[rust-dev] Opt-In Built-In Traits (was: Mutable files)

Kevin Ballard kevin at sb.org
Thu Jul 24 07:30:20 PDT 2014


On Wed, Jul 23, 2014, at 12:52 PM, David Henningsson wrote:
> 
> 
> On 2014-07-21 19:17, Patrick Walton wrote:
> > On 7/21/14 8:49 AM, Tobias Müller wrote:
> >> Patrick Walton <pcwalton at mozilla.com> wrote:
> >>> On 7/20/14 8:12 PM, David Henningsson wrote:
> >>>>   From a language design perspective, maybe it would be more
> >>>> intuitive to
> >>>> have different syntaxes for copy and move, like:
> >>
> >> As a rust newbie, that aspect aways makes me a bit nervous. Two quite
> >> different operations with the same syntax and and simply changing a
> >> detail in the struct can be enough to switch between the two.
> >
> > This is the reason for Opt-In Built-In Traits.
> >
> > * Causing a move when you thought you were copying results in a compiler
> > error.
> >
> > * Causing a copy when you thought you were moving is harmless, as any
> > implicit copy in Rust has *exactly the same runtime semantics* as a
> > move, except that the compiler prevents you from using the value again.
> >
> > Again, we had that world before. It was extremely annoying to write
> > "move" all over the place. Be careful what you wish for.
> 
> I find these arguments compelling, but if what we want to accomplish is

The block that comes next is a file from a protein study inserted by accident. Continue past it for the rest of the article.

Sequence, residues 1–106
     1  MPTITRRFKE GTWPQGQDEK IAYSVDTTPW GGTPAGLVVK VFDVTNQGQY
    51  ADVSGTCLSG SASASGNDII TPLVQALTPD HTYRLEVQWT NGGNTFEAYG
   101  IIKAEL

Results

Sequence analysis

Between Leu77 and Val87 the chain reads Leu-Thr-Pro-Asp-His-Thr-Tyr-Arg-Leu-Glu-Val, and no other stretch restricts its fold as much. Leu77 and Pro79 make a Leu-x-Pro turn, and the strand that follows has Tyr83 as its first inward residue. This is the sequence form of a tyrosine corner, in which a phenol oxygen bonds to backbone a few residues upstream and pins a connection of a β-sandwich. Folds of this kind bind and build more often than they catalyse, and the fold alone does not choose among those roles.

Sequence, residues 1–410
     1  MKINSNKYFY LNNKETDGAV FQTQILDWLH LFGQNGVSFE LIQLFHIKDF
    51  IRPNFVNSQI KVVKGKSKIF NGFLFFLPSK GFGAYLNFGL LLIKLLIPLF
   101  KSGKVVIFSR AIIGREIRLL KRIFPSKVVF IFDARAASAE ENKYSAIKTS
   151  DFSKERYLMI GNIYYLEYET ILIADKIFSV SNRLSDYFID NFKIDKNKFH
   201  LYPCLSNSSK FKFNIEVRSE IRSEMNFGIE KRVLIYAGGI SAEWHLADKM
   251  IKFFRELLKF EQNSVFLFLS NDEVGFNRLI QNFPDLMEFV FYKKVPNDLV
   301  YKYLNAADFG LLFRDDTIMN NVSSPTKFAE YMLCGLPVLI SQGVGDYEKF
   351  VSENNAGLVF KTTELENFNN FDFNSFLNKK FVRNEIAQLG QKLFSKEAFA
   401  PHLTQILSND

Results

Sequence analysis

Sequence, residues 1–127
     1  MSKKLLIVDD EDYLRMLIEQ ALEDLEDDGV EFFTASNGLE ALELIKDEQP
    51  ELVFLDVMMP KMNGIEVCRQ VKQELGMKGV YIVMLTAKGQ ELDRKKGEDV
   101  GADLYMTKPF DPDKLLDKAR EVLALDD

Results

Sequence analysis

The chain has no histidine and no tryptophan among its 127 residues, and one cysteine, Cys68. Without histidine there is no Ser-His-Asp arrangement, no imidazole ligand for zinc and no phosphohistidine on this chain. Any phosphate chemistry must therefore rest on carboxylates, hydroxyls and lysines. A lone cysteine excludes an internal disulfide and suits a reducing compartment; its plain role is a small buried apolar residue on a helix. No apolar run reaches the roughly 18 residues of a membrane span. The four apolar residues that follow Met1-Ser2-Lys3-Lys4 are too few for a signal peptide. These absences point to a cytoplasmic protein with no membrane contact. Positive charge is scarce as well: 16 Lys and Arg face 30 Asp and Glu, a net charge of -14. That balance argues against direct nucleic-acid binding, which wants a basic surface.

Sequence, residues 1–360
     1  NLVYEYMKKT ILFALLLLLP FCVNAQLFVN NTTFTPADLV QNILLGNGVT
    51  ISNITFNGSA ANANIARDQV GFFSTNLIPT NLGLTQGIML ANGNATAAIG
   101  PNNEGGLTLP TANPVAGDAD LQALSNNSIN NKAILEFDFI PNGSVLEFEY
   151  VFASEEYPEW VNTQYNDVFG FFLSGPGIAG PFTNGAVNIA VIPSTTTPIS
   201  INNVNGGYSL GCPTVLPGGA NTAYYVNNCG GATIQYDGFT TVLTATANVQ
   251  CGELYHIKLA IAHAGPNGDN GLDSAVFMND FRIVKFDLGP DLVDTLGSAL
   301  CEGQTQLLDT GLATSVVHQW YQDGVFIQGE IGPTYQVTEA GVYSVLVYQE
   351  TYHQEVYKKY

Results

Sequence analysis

> a conscious choice between copy and move every time somebody makes a new 
> struct, maybe "#[Deriving(Data)] struct Foo" vs "struct Foo" is not 
> first-class enough.
> 
> Maybe the move vs copy should be done by using different keywords, a few 
> brainstorming examples:
> 
>   * "datastruct" for copy, "struct" for move
>   * "simplestruct" for copy, "complexstruct" for move
>   * "struct" for copy, "class" or "object" for move

What would this solve? Nobody who’s using a type is going to care about
the keyword used to introduce the type, they’re only going to care about
the behavior of the type. Using `datastruct` instead of `struct` will
have zero impact on the people writing

let x: Foo = y;

Actually, the whole notion of having to intentionally describe on every
struct whether you want it to be Copy is my biggest objection to opt-in
traits. The API Stability / documentation aspect is great, but it does
seem like a burden to people writing once-off structs.

What I’d actually like to see is for private structs to infer things
like Copy and for public structs to then require it to be explicitly
stated. I don’t know how to do this in a way that’s not confusing
though.

-Kevin


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